Analysis of Mixed Distribution Statistical Flood Frequency Models and Implications for Dam Safety Assessments

Restricted (Penn State Only)
Author:
Roop-Eckart, Kenneth Joel
Graduate Program:
Geosciences
Degree:
Master of Education
Document Type:
Master Thesis
Date of Defense:
May 31, 2018
Committee Members:
  • Klaus Keller, Thesis Advisor
  • Elizabeth Ann Hajek, Committee Member
  • Tess Alethea Russo, Committee Member
  • Christopher Duffy, Committee Member
Keywords:
  • mixed distributions
  • dam
  • safety
  • risk analysis
  • flood frequency
  • two population
Abstract:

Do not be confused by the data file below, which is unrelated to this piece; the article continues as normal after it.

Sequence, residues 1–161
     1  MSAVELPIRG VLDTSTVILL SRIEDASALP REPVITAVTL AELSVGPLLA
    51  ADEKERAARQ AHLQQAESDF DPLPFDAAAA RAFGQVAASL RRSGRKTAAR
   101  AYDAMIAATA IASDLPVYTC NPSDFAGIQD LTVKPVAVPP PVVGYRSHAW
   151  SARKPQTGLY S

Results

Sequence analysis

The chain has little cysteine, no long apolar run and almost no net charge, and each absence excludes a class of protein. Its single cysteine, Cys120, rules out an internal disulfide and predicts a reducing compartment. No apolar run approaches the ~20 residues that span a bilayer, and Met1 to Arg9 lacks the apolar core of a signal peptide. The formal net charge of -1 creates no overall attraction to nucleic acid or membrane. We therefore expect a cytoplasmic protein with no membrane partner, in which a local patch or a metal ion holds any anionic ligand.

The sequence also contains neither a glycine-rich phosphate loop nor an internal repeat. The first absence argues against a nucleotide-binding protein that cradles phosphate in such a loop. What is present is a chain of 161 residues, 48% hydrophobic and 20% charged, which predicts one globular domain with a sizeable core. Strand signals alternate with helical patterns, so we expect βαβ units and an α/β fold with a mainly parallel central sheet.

Water is a vital resource, but also a source of hazards. Flooding poses considerable hazards to human lives and property. Dams and levee systems are key components of modern flood defenses. However, these flood defenses can fail catastrophically. This thesis addresses mixed distributions in statistical flood frequency analysis and implications for dam safety assessments. Previous studies in dam safety assessment have established a variety of statistical and physical modeling methods (Swain et al., 2006). Statistical flood frequency analysis represents a popular, low cost method (Swain et al., 2006). However, current flood frequency methods can neglect mixed distributions and under predict true flood risk. Here, I improve on the standard flood frequency methods (England et al., 2018) by: A. implementing single and mixed distribution models to assess flood frequency analysis sensitivity to model choice and model structural uncertainty, B. statistically test for the presence of mixed distributions in peak flow data, and C. demonstrating the implications of accounting for mixed distribution peak flows in dam safety assessments. I find that current methods in flood frequency analysis can lead analysts to disregard mixed distributions of peak flows. Goodness-of-fit metrics can be used to identify mixed distributions of peak flows at a location. Additionally, implementing mixed distribution statistical flood frequency analysis at mixed distribution peak flow sites can produce better fits (as judged by statistical tests) and can greatly increase predicted flood risk. These findings have potential safety implications for flood-frequency analysis based dam safety assessments.